The Dungeons of Hell

 

slave-dungeon-in-elmina

 

I have been to a place that I have never been before.

I had to go in to the Oncology ward to have more scans and tests done, and because of financial reasons, I was taken to the Addington Hospital in Durban.
Understand this, I do not equate this hospital with the dungeons of hell.  In fact to the poorest of the poor, and to the sickest of the sick in our society, its is a beacon of last hope.    A place where care and treatment is given, free of charge, to those in dire need.  It is for them a beacon of shining hope and help.

Derelict, depleted old, and the long dark damp red-brick corridors brought to me what the dungeons of hell could be like.   The patients, moving in dim light and shadows, grave-faced, heavy burned, some uncomfortable and in silent pain, where there was no joy at all, patiently and stoically stood their turn for attention and treatment.

But there was too a great sense of efficiency of the systems at work.  Good work was being done in an organised and proficient manner, and getting the masses lined up for their treatment and care.   The Staff were patient, and kind.   Very kind, and understanding.   One  nurse in the Oncology ward, softly sang “put your care upon Jesus”
as she took blood samples.    I had a lovely imaginary picture of a little song-bird singing among the trepidation of the treatments that were to follow.   It gave comfort and brought hope, and smile to my face.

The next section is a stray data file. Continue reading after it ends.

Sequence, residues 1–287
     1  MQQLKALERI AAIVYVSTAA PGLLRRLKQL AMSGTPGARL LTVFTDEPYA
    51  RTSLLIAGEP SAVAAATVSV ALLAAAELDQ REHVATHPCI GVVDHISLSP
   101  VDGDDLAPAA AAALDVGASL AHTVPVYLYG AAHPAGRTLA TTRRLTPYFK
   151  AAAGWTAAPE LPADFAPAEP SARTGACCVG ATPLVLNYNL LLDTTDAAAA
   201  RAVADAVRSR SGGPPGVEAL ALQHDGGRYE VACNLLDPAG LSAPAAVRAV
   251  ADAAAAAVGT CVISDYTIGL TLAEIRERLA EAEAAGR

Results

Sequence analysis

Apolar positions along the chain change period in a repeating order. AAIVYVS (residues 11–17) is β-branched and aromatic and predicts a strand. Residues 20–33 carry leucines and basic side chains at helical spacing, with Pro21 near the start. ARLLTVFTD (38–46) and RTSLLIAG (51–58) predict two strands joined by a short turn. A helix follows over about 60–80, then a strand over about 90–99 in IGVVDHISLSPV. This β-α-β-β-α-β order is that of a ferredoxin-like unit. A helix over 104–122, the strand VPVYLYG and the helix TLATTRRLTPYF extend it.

The ministry of soft song in suffering is powerful.

I went through the motions of the day, waiting many hours till my turn came   I sat in a waiting room that was filled with light.  It had a “sea-view”, but it was a rainy day and the day and the mood was sombre and a misty grey.   As I waited I saw the passing parade of the busy street in front of the hospital.   Life was carrying on as usual – traffic cops on duty, deliveries being made, visitors looking for sea-side parking.
I saw a new and understanding doctor, who had a heart for her patients, went through the motions, did the tests and x-rays.   Then finally referred to another hospital for follow up scans and tests.   A thorough investigation of my present condition, for which I am grateful.    And all the way through my trusty husband was there to help me get through the physical obstacles, with patience and endurance.

Once done, I was helped out to the car, where a car guard offered to help where he could, in the hope of a reward.    He was an elderly white-haired Indian man in a turquoise track suit, with hardship written on his face.   He was working in the rain for a pittance for his own survival – oh the hardships of poverty !

It is an experience that I do not cherish, but do so appreciate.   For in a moment in time,  it brought me closer to those who suffer in their poverty, and in the sicknesses and ailments.
It is in  poverty, sickness, disease and death that we may perceive the horrors of hell, where there is no joy, no hope and everlasting misery – all these linger in the dungeons of hell.

Song bird

Isaiah 61:1
The Spirit of the Lord God is upon Me,
Because the LORD has anointed Me,
To preach good tidings to the poor;
He has sent Me to heal the brokenhearted,
To proclaim liberty to the captives,
And the opening of the prison to those
who are bound.

 

 

 

 

Waiting Rooms

 

I had to get up earlier than usual so that I could travel the distance and arrive early for my appointment at the oncologist’s waiting rooms.